Tuesday, January 29, 2008

Questions and answers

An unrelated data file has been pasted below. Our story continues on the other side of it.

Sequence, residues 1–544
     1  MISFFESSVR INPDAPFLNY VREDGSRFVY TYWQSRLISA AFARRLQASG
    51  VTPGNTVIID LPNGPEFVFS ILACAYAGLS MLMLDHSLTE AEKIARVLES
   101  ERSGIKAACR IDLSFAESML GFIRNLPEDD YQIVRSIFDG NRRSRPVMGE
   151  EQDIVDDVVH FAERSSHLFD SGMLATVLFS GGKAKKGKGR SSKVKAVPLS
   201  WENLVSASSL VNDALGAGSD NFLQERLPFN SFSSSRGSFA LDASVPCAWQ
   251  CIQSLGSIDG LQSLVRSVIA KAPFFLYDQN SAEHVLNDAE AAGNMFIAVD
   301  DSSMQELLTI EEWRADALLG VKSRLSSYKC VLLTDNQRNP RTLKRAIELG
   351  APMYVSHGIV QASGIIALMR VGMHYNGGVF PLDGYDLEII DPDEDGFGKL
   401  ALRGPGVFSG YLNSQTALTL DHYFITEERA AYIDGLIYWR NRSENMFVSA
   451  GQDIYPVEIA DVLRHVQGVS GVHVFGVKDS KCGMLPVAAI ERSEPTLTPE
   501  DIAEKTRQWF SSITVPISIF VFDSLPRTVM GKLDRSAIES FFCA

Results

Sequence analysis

On my last visit to the hospital I was asked if I could spare a few minutes to talk to a junior doctor. We won’t have a lot in common, I thought, but there’s no harm in a natter. Besides I quite like junior doctors. They’re just like proper grown up doctors, only with more self-doubt. And because they have more self-doubt, they seem a bit more thorough. They question everything. They re-check and re-examine and if needs be they’re not too proud to reach for their My First Big Bumper Book of Medical Symptoms. They’ll even ask a colleague for a second opinion. A little uncertainty ain’t necessarily a bad thing. Personally I don’t like my doctors to be too confident. Give me a hesitant double-checker over a ‘been there, done that, bought the stethoscope’ doc any day. Anyway so I’m introduced to this junior doctor or student doctor or whatever they call themselves and he leads me off to a private room. We sit down and he explains that he’s researching how ulcerative colitis impacts on day-to-day life and asks me whether I would mind answering a few questions. I’m your man, I think to myself, kerching! you’ve hit the jackpot with me, there’s not much I can’t tell you about life with ulcerative colitis, welcome to Anecdote Central, I’m the Peter Ustinov of UC, make yourself comfy, we could be here for quite some time. And you’re going to need a bigger notebook than that, sunshine. Much bigger. So, feeling like a guest on Parky, I say coolly, “Sure, fire away.” The first couple of questions are a doddle, simple background stuff. I answer succinctly, and as he scribbles in his jotter I’m thinking, this is just the aperitif, matey, merely something to whet the appetite, wait ‘til we get to the meaty stuff. “And what have you found has been the biggest change to your life?” the junior doctor probes, his pencil hovering expectantly over the pad. This is my cue, my big moment in the spotlight, my chance to tell my heart-wrenching story, of the hardships, the pain, of my fears, anxieties and hopes. I have my audience, hanging on my every word. All I have to do is tell it like it is and there won’t be a dry eye left in the house. This is what comes out of my mouth, “Beige-beige-beige-beige-beige-beige-beige-beige-beige-piffle-and-beige.” At least that’s what it sounded like. At this point I’m having an out of body experience. I’m floating somewhere up by the curtain rail watching myself struggle to put together a coherent sentence. It’s like watching someone at a Stutterers Anonymous meeting. Trying a different tack the junior doctor asks, “Has your illness affected your relationship with your partner?” Come on, big guy, I will myself on. By the Power of Greyskull, sock it to him. Nope. “Beige- beige-beige-beige-beige-piffle-poo-and-beige.” The doctor looks up from his pad. His eyes widen, looking for more. It isn’t coming. I dry up completely; I’m all out of beige. The doctor places his pencil on the desk in resignation. I hang my head and through my fringe I mutter something about having a blog which might beige be of beige some beige interest…So if you’re reading this, doc, I hope the words you'll find here will make up for my lack of them in our meeting.